SEBRING — Two people were killed in a two-vehicle crash on Tuesday about 9:22 p.m. One 26-year-old Lake Placid man died and a 52-year-old male from Hollywood, a passenger in a separate car, died as well, according to a Florida Highway Patrol press release.
FHP does not release the names of the drivers or the make and model of cars until the investigation can be finalized. The process can take weeks to months.
The FHP report states the Lake Placid man was driving a sedan-type vehicle on U.S. 27 in the inside (easternmost) lane approaching George Boulevard. At the same time, a 15-year-old male from Port St. Lucie was driving northbound on U.S. 27 in the turn lane approaching George Boulevard.
The young man tried to execute a U-turn in order to travel southbound on U.S. 27 but crashed with the Lake Placid man’s car.
The car from Lake Placid ended up on the outside shoulder of U.S. 27 and the young man’s vehicle stopped in the “area of the collision,” per FHP.
The report states the Lake Placid man was not wearing a seat belt and at the time of the report, next of kin was marked as “N/A.”
The 52-year-old passenger was wearing a seat belt and his next of kin was notified.
The teen driver received minor injuries.
The “pre-crash” speed of the Lake Placid driver is still being investigated.
These deaths mark the seventh and eighth fatalities on Highlands County roads since the new year. At this point last year, there were six fatalities, according to unofficial records kept by the Highlands News-Sun.
The FHP did not report if the 15-year-old had a learner’s license (permit) to drive. Florida Department of Highway Safety and Motor Vehicles shows the following restrictions: daylight driving for the first three months after the license is issued, then until 10 p.m.; must hold the learner’s license for 12 months or until the 18th birthday, whichever is first and requires 50 hours of supervised driving with 10 of those being at night.
Lake Placid woman killed in Polk crashAnother Highlands County resident, Kayla Harris, 23, of Lake Placid, died in a multi-vehicle crash in Polk County on Tuesday morning. The crash occurred just after 8 a.m. on U.S. 27 near the intersection of Smith Lane between Highland City and Bartow, according to Polk County Sheriff’s Office Public Information Officer Brian Bruchey. Two other motorists had non-life threatening injuries: Kellen Pfantz, 29, of Lakeland, was taken to Lakeland Regional Health in “good condition” and Jayme Jamison, 36, of Auburndale, was taken to Bartow Regional Medical Center in “good condition.”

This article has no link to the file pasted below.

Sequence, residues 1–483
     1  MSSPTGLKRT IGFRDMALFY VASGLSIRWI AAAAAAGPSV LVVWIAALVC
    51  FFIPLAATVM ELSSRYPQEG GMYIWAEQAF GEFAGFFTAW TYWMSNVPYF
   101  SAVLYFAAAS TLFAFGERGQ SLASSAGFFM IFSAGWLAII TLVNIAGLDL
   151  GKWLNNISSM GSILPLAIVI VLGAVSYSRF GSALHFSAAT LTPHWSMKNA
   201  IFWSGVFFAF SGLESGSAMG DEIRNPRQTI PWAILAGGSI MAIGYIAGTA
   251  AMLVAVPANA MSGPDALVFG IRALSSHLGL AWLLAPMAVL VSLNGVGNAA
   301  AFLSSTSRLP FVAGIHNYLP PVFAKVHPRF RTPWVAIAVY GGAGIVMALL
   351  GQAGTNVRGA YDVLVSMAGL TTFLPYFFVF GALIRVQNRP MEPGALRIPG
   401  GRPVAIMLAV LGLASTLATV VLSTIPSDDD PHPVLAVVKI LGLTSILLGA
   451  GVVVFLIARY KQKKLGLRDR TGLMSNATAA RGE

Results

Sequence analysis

Harris was the driver of a red 2005 Chrysler Sebring. The other drivers involved were: Pfantz was driving a black 2003 Ford F150 pick-up, Jamison was in a red 2014 Chevy Sierra pick-up, 48-year-old Edward Cantrell, Jr. of Winter Haven was driving a white 2014 Freightliner semi and trailer, and 57-year-old Bryan Green of Lakeland was driving a white 2016 Ford F150 pick-up.
Although the crash is still under investigation, the preliminary investigation shows Pfantz was eastbound on Smith Lane and may have had some sort of medical episode. The Ford truck he was driving went through a red light and into the southbound lanes of U.S. 98.
The trajectory took Pfantz’s black truck into the path of Jamison’s red truck where it hit the black truck’s driver side door. The impact sent both trucks “rolled across the median and entered the northbound lanes of U.S. 98.”
Jamison’s red truck also hit the front of the semi, which was in the center lane of northbound U.S. 98. The black truck hit the side of the semi.
Harris was driving in the inside northbound lane trying to avoid the wreck but PCSO said she lost control and the car started to spin. Her car was hit by Green’s white truck.
No criminal charges are expected but the investigation continues.
SEBRING — The Sebring High School robotics team has been working on making an autonomous vehicle and making progress in the many areas of its development.
Sean Turnock, the head of the media team for the robotics team, said the school has been working with the foundations of robotics and making classes to hopefully make future engineers and make a better future for the students.
“We’ve been working every class period with a great teacher, Michael Harris, to make a fully autonomous (meaning self-driving with no driver) with four teams: the coding, mechanical, electrical, and design teams,” he said.
All of the teams focus on the important matters that contribute to the car, using their past classes as stepping stones to run along the tracks of this difficult task, Turnock said.
It is an advanced class.